Take a letter, Miss Pringle. Actually, forget that, I’ll do it myself.
Ah, secretaries. Once the all-powerful guardians of both outbound correspondence and the discerning executive’s diary, the personal secretary has been rightly replaced by admin support functionaries supporting comparatively enormous numbers of people, since today’s modern business person is quite capable of taking their own letters and choosing a convenient gap in two online calendars in which to place a meeting.
Tell someone these days that you “have a secretary” and they will assume that you are making overblown claims about your corporate importance, or are deficient in the basics of modern office etiquette, as well as being unable to use tools which are second nature to the rest of us. Perhaps all three. At the very least, they will conclude that your employer has missed out on the democratising march of progress which has done so much to even out demeaning workplace inequality. The same march has led to the common practice of job title inflation, a process that ensures that everyone’s a director, even when they’re blatantly not.
Suggesting, in your voicemail greeting, that callers should contact your secretary is to confess to a weird seventies corporate existence, on from which you haven’t moved since Are You Being Served? was all over the telly. Even if your nominated secretary has the vaguest clue who you are or how they may be able to assist a random caller – other than by ringing you themselves using exactly the same mobile number on which your caller has just discovered your unavailability – it’s probably true to say that the only outcome will be a message taken and a delayed response. Your contact may as well leave you a voicemail.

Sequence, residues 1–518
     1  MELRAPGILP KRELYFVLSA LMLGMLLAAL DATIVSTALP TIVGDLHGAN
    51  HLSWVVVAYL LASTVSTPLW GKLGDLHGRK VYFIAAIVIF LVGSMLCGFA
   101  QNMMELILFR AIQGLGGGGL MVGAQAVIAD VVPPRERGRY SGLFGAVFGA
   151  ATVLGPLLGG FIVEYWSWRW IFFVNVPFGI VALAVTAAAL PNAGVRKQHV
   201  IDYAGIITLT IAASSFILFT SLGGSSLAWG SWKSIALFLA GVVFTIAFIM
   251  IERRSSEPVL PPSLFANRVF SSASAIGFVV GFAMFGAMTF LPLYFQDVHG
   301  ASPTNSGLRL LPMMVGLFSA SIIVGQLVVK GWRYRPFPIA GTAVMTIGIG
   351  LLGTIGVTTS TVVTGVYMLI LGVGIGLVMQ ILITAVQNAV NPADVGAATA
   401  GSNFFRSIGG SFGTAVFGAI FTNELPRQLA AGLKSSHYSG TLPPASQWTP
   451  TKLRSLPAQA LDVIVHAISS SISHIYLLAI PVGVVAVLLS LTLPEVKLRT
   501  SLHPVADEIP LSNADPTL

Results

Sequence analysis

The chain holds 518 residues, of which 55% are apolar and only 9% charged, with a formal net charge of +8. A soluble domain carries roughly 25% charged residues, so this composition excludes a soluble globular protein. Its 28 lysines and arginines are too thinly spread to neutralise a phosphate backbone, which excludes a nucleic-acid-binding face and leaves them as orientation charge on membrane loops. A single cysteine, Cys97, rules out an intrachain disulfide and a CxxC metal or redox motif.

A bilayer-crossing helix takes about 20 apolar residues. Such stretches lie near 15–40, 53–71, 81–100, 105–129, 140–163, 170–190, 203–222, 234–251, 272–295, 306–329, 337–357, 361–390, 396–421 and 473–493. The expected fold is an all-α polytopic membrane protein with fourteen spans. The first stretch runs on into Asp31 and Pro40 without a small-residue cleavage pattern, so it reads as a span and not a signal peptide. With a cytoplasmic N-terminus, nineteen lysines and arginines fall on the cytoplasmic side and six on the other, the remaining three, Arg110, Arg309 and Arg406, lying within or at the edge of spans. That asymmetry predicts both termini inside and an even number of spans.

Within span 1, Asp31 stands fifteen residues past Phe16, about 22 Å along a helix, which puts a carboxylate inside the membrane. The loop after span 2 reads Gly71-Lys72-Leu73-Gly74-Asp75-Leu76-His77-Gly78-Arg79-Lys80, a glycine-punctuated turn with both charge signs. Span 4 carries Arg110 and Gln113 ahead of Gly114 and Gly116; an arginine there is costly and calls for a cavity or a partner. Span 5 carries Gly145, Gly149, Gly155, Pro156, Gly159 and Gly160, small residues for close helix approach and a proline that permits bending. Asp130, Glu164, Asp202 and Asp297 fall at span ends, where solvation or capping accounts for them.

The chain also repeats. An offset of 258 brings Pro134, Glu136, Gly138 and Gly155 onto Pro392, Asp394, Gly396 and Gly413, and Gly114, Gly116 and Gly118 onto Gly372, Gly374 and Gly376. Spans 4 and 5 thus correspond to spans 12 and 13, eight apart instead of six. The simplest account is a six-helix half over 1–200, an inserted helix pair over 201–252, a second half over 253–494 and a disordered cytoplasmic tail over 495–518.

But clearly, it’s not traditional secretaries themselves that aren’t a thing. A dying breed they may be, their usefulness curtailed by technology and their all-seeing, all knowing, somewhat subservient, housewifely relationship with the big boss character redefined within a wider team and across a highly useful set of functions, but the concept of secretary is obviously a ‘thing’, albeit an increasingly archaic one.
Rather, it’s people’s pronunciation of the word secretary that isn’t a thing. The former Home Secretary, Alan Johnson, routinely refers to his time as the “Home Seckerterry”, and while getting syllable two wrong is unusual, almost everyone has started pronouncing the word as if it has four syllables rather than three: sec-re-terry rather than sec-re-tree. Well, not quite tree, exactly, but nearly tree.
If you can’t even pronounce ‘secretary’, it probably helps explain why, like almost everyone else, you don’t actually have one. Anyone worthy of a real secretary would have a PA. The personal assistant is a bit like a secretary used to be, but without the compulsory short skirt and tea-making skills.
To make people hate you that bit more you can refer to them as an ‘executive assistant’. Because you can also elevate that job title as well as your own.
And such is the positive, inclusive and very welcome influence of political correctness in the workplace, the PA doesn’t even have to be a chick.